Pius, Bose, Dey…
Jadon Sancho’s ‘Baganisation’ was done in less than a minute, but a fairly length prelude was perhaps the quirkier part. On Monday afternoon in a rain-drenched Kolkata two gentlemen apparently in their late fifties checked in at Olypub on Park Street. They started talking about the U-17 World Cup. Now, in the lead-up to the tournament, Kolkatans were enthusiastic about it but not overexcited – the city has been hosting international matches and superstars since the 1960s. But England have successfully wooed the locals with their beautiful football against Chile. And Sancho, with two goals and an assist, has become an instant hit in this football-crazy city.
Somehow, many elderly Mohun Bagan and East Bengal fans, who didn’t grow up on a steady diet of European club football on telly, still reminisce about their respective club legends while watching an exciting overseas talent. The two gentlemen at the Olypub turned out to be Bagan supporters and Sancho’s ‘Baganisation’ began. “He runs like Bidesh (Bose), dribbles like Krishanu (Dey) and scores like (Xavier) Pius. I think his ball control is like Majid Baskar,” said one of them. His friend gave a scornful reminder, “Ah, Majid never played for Mohun Bagan…”
— Shamik Chakrabarty in Kolkata
What do foreign teams do when they have a day to spare before a game? Intense practice yes, but also a bit of shopping of course. The New Caledonia team hunted down souvenir shops in Guwahati in pursuit of memories and gifts to take back home. Pearls, handicrafts, Assamese shawls and such traditional items from the state. Some fans realise they are the international football unit, and the team oblige with a few selfies too. New Caledonia is a small island nation, an overseas territory of France at the moment, and are soaking up the local atmosphere.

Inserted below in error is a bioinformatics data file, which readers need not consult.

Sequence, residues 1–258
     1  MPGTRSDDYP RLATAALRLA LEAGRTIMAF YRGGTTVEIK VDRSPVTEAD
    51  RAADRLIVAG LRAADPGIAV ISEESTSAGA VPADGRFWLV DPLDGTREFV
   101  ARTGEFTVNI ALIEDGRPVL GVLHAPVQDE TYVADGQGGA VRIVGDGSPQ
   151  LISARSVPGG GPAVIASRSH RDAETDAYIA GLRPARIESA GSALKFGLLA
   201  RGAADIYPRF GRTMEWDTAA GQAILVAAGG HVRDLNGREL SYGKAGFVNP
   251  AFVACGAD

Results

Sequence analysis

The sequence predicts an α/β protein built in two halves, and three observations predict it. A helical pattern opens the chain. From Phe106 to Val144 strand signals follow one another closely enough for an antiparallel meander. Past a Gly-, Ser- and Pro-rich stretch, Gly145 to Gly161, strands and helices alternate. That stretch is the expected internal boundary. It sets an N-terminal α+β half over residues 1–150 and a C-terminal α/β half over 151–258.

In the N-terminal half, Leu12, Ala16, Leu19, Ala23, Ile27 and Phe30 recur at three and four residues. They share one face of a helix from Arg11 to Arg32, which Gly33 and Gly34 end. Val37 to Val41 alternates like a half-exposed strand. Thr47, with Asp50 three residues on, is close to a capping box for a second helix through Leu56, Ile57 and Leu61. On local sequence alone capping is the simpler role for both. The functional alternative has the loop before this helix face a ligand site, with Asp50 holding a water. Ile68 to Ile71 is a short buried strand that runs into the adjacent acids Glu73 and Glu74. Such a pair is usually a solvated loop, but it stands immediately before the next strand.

The coach Dominique Wacalie is just 35, the youngest coach in the tournament, and who gave a stirring at the half-time when France was leading by 6-0. Les Nouvelles, a newspaper back home, carried the quote from the goalkeeper Une Kecine, who cramped up so badly in the end in the match against France, even taking a 8-minute injury time, but carried on bravely. “I gave six goals but the coach talked a lot about pride and said we had 45 minutes still to show our qualities.” That they did: they conceded one more but also scored a goal in that second half. It was time for some souvenir hunting before the training session. Monday had started with him asking someone at the breakfast table how to say thanks in Hindi, and offered ‘dhanyawad’ to the Indian staff at the hotel, and later at the mall.
— Sriram Veera in Guwahati
Montenegro, Costa Rica’s star